The Salty Peaks Team (L-R): Dave Van Wagenen, Denney Fuller, Micah Hoogeveen, Ira Morton, Sky Seabrook and Chris Frost. Photo: JDubruille
Every great industry starts with a simple idea. Although it can be argued when and where the first light bulb lit that spawned what we now know as the snowboard, what can’t be argued is that Dennis Nazari and his crew at Salty Peaks have played a pivotal role in the progression and growth of the snowboard industry in Utah. After nearly twenty-five years of slinging boards out of the small space on 3300 South, Salty Peaks is releasing their first full-length snowboard film entitled Eighty Seven. The title refers to the year Salty Peaks was founded, and in addition to paying homage to the shop’s history, it also showcases the shop’s current talent. “The film will contain current riding from the snow team, but will also include old footage of Dennis and others from 1987,” says Andrew Schummer, Team Manager and Director of the film. Schummer and co-Director/Filmer, Josh DuBruille, traveled with Salty Peaks’ snowboard team around the northwest from November 2010 to June 2011 shooting locations in Colorado, Idaho, Wyoming and Utah. When asked why this is the first shop film from Salty Peaks in nearly 25 years, Nazari says, “I don’t want to do anything half-assed. We wanted to make sure we had some good riders and places to go. I’ve seen a lot of shop films that weren’t that impressive, [but] Eighty Seven is probably one of the better films for sure.”
Schummer insists that the goal in creating the film was not to compete with the riding in other snow videos on the market, but to show Utah’s snow scene on a smaller, more local scale. Eighty Seven will contain full parts from the current Salty Peaks snowboard team: Sky Seabrook, Dave King, David Van Wagenen, Shannan Yates, Max Raymer, Chris Frost, Denney Fuller and Micah Hoogeveen; as well as shots of a few other local riders. Some of the better shots that I’ve seen of the film include some smooth operating at Rail Gardens from Fuller, along with a painful bails section right at the beginning, and pure magic from Frost at a shack near the bottom of Brighton.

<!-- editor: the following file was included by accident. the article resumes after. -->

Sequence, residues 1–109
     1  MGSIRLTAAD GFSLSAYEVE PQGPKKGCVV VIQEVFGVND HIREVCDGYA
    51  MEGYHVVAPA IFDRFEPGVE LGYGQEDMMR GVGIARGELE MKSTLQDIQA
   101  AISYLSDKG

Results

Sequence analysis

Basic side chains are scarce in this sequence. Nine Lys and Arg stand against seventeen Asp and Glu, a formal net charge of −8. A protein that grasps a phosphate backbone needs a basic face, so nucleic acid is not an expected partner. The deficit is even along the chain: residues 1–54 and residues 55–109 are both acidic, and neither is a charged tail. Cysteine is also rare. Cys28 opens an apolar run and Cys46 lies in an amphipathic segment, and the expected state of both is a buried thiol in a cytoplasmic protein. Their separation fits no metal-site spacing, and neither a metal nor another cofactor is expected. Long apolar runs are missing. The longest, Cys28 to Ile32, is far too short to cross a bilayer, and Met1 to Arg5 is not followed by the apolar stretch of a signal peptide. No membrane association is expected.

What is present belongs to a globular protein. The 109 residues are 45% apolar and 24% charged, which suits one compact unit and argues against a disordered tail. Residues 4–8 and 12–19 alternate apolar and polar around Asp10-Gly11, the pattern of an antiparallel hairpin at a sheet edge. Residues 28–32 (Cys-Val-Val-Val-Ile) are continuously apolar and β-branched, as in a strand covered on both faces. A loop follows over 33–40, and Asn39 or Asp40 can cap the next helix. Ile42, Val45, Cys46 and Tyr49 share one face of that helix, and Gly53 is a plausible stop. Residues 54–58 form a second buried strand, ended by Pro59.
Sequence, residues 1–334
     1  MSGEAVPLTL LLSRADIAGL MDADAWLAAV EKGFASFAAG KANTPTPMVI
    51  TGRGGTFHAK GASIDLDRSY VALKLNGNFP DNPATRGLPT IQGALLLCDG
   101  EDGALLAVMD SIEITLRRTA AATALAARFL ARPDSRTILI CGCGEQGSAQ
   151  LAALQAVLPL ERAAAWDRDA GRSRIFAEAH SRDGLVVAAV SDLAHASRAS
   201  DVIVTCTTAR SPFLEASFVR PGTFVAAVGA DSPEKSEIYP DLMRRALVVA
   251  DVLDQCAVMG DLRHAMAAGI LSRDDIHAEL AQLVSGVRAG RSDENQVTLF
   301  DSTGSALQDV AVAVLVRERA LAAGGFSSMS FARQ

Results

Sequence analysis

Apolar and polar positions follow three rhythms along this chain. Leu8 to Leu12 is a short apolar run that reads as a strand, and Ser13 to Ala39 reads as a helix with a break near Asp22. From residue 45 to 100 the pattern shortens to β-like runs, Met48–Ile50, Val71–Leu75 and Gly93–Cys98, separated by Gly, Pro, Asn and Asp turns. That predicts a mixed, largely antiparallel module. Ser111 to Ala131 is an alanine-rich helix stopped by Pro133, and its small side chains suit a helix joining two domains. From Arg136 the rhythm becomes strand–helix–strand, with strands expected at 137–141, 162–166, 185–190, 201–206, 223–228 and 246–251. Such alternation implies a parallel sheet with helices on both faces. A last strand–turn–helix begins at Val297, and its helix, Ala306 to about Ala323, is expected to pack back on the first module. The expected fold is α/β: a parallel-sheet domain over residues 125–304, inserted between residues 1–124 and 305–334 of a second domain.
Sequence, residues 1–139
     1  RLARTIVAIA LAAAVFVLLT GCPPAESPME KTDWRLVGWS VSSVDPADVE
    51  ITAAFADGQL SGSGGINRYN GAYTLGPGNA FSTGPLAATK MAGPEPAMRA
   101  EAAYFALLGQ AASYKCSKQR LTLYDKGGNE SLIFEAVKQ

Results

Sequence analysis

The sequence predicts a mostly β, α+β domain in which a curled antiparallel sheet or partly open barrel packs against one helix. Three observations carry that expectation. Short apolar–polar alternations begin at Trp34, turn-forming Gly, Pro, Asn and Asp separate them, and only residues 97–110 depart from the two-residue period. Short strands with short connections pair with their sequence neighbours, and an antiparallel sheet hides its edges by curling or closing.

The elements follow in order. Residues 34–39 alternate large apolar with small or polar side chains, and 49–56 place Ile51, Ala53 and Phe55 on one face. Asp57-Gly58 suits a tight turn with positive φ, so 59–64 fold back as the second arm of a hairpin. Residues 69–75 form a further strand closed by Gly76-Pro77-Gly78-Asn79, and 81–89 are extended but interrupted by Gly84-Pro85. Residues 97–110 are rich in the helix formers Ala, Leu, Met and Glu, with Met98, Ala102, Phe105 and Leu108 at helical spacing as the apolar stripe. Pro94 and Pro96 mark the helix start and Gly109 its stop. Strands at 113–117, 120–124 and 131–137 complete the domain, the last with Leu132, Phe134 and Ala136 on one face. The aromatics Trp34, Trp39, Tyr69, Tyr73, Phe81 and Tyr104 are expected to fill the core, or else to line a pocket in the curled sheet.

“Originally it was just going to be the team riders, kind of standard for a shop video, but toward the end of the season, Dennis started pitching ideas for using older footage and it really made a whole lot of sense for what this video really is for the shop and what the shop’s been for the history of snowboarding. In making it we realized how it could be something bigger than just a shop video,” says Schummer. Other than some limited backcountry access complements of King’s sleds, most of the shots are at resorts and at some new urban spots mixed with a number of familiar ones. DuBruille views the film as a launching pad for the careers of the snowboard team. “As far as getting into the backcountry without equipment, it’s not easy and we still got legitimate shots in the backcountry. You can show that and say, ‘Give me an opportunity and I can triple what I’ve done here.’ It’ll be good for them,” says DuBruille.